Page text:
When managing websites and databases, you should ensure that file permissions are set correctly to prevent outsiders from having inappropriate access to your precious data. In this article, we’ll share how to set up file permissions and what permissions we should use in which circumstances.
The Three Types Of File Permissions and the Three Types of Users
There are three types of file permissions, listed below.
- Read permission
- Write permission
- Execute permission
Also, there are three types of users where file permissions must be considered separately:
- User group
- Other users
It’s obvious what the three types of permissions mean. Read permission means you can read the contents of the file, write permission means you can modify or move the file, and execute permission implies that you can execute the file. The meaning of the user groups is also very apparent.
How Can Permissions Be Expressed As an Integer?
If you’ve heard of the command “chmod”, you’ve probably been curious about the seemingly mysterious integer after the command. It turns out that it encodes the file permissions for the owner, the user group that the owner is in, and other users. Every set of permission is represented as a number from 0 to 7, from a “0” that means no permissions, to a “7” that means maximum permission. The range of permissions is listed below.
- 0: No read, write, or execute permission
- 1: Execute permission
- 2: Write permission
- 3: Write and execute permission
- 4. Read permission
- 5. Read and execute permission
- 6. Read and write permission
- 7. Read, write, and execute permission
The first digit represents the permission obtained by the owner of the file, the second one encodes one that is acquired by the user group that the owner is in, and the third one represents the permission that other users can work on. For instance, “777” implies maximum permission, where all users can read, write, and execute, and “744” means that the owner can read, modify, or run the file, and all other users can only read it.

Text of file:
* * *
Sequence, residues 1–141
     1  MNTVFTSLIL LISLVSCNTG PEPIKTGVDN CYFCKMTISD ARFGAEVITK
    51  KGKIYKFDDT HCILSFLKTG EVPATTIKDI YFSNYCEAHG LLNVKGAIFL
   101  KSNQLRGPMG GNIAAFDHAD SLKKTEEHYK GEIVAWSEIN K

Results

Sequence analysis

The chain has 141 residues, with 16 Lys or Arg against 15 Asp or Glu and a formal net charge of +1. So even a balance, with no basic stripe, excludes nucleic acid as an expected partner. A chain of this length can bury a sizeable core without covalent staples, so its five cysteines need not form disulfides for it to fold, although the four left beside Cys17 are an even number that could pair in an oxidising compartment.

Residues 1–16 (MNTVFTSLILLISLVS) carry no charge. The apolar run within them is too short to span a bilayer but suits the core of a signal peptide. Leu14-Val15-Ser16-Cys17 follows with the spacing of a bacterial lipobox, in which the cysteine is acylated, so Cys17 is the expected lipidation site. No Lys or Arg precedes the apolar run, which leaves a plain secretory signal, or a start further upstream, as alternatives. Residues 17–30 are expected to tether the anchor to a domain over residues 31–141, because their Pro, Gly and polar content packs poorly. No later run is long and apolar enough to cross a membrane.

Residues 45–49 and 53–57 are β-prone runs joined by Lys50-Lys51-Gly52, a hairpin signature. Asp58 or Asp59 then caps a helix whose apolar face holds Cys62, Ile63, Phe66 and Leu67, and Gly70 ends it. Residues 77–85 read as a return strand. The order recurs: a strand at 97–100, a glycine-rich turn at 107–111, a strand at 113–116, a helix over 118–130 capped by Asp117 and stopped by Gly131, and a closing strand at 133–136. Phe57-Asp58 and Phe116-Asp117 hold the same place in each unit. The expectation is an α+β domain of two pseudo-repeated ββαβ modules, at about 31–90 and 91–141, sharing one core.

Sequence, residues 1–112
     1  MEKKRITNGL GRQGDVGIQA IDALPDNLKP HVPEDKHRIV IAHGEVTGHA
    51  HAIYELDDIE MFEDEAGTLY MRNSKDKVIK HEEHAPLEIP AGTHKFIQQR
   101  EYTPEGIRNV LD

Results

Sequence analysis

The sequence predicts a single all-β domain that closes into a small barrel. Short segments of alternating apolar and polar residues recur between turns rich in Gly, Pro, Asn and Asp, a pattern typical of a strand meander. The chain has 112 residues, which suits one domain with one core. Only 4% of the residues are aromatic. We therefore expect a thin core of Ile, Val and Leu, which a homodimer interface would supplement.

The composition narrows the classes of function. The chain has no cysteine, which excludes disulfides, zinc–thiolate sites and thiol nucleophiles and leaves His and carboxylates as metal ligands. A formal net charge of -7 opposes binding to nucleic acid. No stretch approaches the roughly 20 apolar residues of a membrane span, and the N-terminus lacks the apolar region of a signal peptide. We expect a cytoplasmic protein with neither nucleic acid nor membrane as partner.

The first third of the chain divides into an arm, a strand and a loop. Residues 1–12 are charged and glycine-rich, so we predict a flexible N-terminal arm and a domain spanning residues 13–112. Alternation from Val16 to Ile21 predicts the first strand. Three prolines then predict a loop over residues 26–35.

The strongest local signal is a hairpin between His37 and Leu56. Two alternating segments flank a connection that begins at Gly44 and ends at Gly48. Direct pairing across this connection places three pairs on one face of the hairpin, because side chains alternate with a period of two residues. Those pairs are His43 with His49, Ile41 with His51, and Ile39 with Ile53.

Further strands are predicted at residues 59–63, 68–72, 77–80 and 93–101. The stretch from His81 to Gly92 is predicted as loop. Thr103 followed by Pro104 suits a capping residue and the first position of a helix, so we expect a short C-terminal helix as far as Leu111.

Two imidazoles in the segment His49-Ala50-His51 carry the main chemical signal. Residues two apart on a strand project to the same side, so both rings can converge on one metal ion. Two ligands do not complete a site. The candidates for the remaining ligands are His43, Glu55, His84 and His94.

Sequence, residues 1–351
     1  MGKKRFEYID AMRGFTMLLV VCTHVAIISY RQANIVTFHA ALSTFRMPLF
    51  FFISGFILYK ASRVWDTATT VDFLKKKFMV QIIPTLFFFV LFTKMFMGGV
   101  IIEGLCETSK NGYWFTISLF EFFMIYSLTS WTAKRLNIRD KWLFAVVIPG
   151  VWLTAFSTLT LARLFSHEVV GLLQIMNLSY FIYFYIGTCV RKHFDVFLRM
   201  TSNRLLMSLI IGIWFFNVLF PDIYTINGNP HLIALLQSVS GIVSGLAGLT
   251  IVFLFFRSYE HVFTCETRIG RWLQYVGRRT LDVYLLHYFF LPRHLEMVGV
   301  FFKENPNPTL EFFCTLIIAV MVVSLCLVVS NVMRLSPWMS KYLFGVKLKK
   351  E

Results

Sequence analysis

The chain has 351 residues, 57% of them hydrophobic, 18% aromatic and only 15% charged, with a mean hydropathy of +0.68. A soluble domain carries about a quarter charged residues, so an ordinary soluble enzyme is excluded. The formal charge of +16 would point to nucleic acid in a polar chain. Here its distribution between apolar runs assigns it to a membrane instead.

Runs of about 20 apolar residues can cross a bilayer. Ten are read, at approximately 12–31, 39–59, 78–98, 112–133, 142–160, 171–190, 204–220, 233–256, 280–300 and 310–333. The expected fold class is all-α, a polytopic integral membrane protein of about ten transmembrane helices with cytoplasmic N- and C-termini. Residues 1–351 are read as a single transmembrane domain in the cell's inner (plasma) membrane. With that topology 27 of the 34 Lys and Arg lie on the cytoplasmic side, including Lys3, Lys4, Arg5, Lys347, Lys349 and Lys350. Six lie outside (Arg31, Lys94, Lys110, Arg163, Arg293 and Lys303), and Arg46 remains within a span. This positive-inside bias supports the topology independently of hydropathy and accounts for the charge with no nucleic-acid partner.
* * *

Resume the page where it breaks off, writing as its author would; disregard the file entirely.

What File Permissions Are Appropriate in Common Scenarios?
After that, we talk about the most critical part of this article, the appropriate file permissions. Read this if you’re unsure of your decisions or just want to confirm. File permissions are a hard-to-bypass way to secure your precious data from inappropriate access. Remember that it is at the file system level, so you cannot change it unless you are logged in as an administrator. As a rule of thumb, the permissions should be set to the minimum one that still allows your programs to function correctly.
A common set of permissions is “755”, which is suitable for executable files. The owner can read, modify, or execute it, but all other users can only read or execute it, but not change it. Another common one, “644”, is used for non-executable files. Note that “755” becomes “644” if the value of every digit is subtracted by one. That “one” is execution permission.
Moreover, you should manipulate file permissions if you want to debug some issues related to access to files. For instance, you can change the permission to “777”, meaning maximum permission for every user, to ensure that the “access denied” errors are not related to whether you can access the file. However, you should change it back once you’re done with it, and if you are troubleshooting such an issue in an application available live on the Internet, you should troubleshoot it on an offline copy. Cyberattacks can strike your website anytime, and you don’t want customers’ data to be stolen because you want to troubleshoot a minor issue. Also, if the problem is fixed after changing the permissions, take a deeper look at the actual issue instead of bypassing the file permissions permanently. For instance, search for the actual permission that mitigates the problem by removing access to the files one by one.
Furthermore, if you want some resource to be unavailable to all users, even those who have signed up, you can set a “0” on the third digit of the encoded file permission. Usually, this is done by simply setting the HTTP response to “403 Forbidden” when a visitor visits a webpage, but what is happening in the background is that it does not even grant read access to the file. This is also done on system files in local systems to prevent users from tampering with them and preventing some parts of the operating system from functioning normally, though it obviously does not return a 403 error code.
How to Change File Permissions?
If you need to change those variables, you need to be an administrator, have access to an admin account or be the owner of the file. That way, important system files or files owned by others will not be modified maliciously.
On Unix-like systems, this can be achieved through the “chmod” command. After that, you can enter the three-digit number to set up the permissions for each group. In Windows, you need to go to File Explorer and then open the “Properties” of the file so that you can control access to the file or directory for users.
//Running chmod on Unix-like systems chmod 644 document.txt chmod 755 executable.exe chmod 777 accessdenied.py
In this article, we’ve discussed the anatomy of file permissions and how to set them up. Remember that it is an excellent barrier for preventing unauthorized access to files and programs, though securing your passwords and exercising other cybersecurity precautions are equally crucial.